DISCOVER THIS Irresistibly CREAMY DELICIOUS GEM OF A CHEESE AND WHY YOU SHOULD LOOK FOR THE PGI MARK OF DANISH AUTHENTICITY AND QUALITY
In October 2019 the EU granted exclusive Protected Geographical Indication (PGI) rights to Denmark after four years of lobbying by the Danish industry. It may now only be produced from Danish milk and at approved dairies, for it to be sold in the EU and countries with which it has signed a trade agreement recognising EU PGI rules on cheese.
WHERE IT ALL BEGAN
Hanne Nielsen, one of Denmark’s outstanding cheese pioneers, was extremely interested in cheese production and product development. While traveling extensively to study the production of cheese, she became inspired by Tilsiter, a cheese developed in the 1870s by Mrs. Westphal of Tilsit, a town in Eastern Prussia. Upon returning home, Hanne began making many different types of cheese, including Tilsiter. After the Stresa Convention was signed by Denmark in September 1953, the cheese acquired the name Havarti, which we are all familiar with today. The Stresa Convention, officially the International Convention for the Use of Appellations of Origin and Denominations of Cheeses, was created to give international recognition for cheese names and styles to protect their originality. So why Havarti? The cheese was actually named after Hanne Nielsen’s farm, Havartigard.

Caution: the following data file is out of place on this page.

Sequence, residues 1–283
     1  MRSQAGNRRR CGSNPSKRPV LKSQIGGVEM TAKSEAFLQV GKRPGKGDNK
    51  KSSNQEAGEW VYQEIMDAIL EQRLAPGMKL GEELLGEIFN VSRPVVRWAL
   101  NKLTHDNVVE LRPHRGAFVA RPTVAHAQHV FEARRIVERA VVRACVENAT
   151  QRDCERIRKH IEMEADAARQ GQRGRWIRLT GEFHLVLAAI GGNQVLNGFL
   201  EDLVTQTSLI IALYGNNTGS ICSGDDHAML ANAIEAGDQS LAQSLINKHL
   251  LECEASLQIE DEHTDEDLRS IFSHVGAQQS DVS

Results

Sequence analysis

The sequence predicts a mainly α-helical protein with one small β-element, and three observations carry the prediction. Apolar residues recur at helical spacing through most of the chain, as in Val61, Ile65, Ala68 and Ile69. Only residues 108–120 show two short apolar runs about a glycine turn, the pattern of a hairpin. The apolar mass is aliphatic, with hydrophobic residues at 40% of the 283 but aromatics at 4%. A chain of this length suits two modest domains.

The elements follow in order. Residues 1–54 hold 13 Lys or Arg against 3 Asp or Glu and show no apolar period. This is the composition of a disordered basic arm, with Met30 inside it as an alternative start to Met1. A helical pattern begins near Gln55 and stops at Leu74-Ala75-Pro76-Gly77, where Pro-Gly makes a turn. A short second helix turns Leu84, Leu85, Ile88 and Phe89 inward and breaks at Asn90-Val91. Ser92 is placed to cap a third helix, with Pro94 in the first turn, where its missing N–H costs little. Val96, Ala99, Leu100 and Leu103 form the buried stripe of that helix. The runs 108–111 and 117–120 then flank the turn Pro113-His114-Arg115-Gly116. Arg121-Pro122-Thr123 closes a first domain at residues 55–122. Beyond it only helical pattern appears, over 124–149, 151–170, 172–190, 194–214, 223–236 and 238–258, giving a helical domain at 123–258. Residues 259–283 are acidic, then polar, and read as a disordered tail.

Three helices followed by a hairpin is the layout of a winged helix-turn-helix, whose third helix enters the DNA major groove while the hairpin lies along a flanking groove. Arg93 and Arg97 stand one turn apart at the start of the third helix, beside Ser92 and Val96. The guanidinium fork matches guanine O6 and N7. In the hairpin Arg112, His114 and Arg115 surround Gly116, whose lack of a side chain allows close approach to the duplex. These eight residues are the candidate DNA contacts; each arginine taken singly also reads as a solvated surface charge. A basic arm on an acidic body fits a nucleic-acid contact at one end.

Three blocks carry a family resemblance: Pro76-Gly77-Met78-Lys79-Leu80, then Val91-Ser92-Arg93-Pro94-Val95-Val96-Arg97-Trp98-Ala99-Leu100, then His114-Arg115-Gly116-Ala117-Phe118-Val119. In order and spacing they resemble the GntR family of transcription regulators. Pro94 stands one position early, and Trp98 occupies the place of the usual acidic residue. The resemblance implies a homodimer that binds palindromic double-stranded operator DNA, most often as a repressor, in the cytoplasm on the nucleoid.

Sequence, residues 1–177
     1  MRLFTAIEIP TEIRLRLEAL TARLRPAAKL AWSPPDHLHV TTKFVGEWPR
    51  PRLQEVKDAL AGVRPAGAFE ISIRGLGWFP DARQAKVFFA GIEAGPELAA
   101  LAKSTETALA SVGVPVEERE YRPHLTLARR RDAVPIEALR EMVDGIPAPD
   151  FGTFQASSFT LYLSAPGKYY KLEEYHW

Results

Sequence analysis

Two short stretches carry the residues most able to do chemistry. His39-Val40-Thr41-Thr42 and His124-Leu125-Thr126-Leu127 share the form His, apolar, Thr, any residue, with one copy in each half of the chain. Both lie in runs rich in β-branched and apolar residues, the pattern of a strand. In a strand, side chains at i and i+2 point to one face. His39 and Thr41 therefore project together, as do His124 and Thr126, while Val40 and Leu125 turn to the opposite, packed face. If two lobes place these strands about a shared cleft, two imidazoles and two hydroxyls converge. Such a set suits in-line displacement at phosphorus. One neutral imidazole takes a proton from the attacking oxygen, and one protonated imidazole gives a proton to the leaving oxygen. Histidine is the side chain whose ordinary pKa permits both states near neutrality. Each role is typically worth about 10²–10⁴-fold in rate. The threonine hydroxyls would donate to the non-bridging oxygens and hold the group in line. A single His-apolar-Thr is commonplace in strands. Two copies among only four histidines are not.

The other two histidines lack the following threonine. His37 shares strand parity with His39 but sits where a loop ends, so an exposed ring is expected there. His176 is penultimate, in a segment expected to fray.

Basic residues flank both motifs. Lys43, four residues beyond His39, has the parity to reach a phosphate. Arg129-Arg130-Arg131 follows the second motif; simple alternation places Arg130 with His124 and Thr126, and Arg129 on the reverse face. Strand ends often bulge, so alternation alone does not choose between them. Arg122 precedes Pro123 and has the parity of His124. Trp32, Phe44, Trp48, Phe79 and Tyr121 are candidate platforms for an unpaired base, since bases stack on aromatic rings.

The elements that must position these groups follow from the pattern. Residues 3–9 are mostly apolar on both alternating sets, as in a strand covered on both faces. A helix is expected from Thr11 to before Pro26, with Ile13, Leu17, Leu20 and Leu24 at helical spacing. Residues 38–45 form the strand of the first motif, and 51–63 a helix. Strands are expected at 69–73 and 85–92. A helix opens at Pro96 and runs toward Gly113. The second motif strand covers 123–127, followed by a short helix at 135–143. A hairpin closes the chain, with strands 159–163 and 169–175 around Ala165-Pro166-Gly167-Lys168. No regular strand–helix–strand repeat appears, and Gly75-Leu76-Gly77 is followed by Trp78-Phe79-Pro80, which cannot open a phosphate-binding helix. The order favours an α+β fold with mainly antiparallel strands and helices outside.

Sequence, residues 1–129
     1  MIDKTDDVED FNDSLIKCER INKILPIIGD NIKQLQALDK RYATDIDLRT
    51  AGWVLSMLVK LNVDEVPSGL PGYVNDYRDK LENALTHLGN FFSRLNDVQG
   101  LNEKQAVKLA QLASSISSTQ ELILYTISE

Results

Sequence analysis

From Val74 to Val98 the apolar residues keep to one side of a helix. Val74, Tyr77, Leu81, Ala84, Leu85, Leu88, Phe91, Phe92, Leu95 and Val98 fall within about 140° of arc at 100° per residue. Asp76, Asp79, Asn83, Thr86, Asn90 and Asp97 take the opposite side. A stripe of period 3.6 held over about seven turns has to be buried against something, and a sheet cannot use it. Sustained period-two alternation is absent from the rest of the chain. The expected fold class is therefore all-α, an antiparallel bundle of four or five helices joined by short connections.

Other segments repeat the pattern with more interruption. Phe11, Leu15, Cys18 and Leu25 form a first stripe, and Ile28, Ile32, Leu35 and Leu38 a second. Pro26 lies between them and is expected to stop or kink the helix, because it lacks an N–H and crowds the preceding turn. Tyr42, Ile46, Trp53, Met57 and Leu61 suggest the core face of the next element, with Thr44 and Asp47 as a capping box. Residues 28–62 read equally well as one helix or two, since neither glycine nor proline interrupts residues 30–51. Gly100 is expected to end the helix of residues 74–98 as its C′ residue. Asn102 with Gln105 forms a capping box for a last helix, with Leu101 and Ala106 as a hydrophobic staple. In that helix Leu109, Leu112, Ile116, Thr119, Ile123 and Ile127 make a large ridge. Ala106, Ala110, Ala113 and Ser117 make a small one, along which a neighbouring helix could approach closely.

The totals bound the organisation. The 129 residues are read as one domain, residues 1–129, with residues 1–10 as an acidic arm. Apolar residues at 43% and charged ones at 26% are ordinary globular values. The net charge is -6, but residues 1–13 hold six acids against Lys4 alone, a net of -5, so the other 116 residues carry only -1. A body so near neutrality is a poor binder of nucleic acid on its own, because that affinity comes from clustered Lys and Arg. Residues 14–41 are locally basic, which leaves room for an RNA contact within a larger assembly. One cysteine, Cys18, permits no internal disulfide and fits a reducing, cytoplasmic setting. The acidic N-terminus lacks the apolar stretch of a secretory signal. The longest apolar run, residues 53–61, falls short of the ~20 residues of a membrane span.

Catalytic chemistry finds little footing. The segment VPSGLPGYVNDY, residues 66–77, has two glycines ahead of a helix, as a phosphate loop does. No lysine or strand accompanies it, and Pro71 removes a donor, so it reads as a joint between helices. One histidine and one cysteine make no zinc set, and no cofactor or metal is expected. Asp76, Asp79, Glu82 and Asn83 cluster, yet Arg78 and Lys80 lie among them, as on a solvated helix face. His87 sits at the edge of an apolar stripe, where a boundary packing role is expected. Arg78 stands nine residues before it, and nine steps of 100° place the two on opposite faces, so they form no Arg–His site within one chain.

EXPERIENCE A CREAMY TASTE SENSATION:
Native to Denmark, Havarti is an original take on sliceable cheeses with a creamy body. Being a semi-hard cheese, it has a springy texture with subtle sweet and acidic notes. Lusciously smooth, Havarti is balanced and mild enough to suit all palates, with the piquant flavors harmonizing perfectly with salads and sandwiches. It’s also delicious on its own.
Havarti was quick to rise in popularity, and is now a staple in Danish cuisine. Made from the milk of Danish cows, this cheese ages with grace and develops stronger tones of hazelnut over time.
The word Havarti comes from an old Danish word from the Viking Age, avarti. It means a flowering, lush riverbank. Perhaps it is no coincidence that the character of the cheese can be described as creamy, lush and aromatic. With its mild and tangy taste, Havarti has long been one of the most popular types of cheese on the market.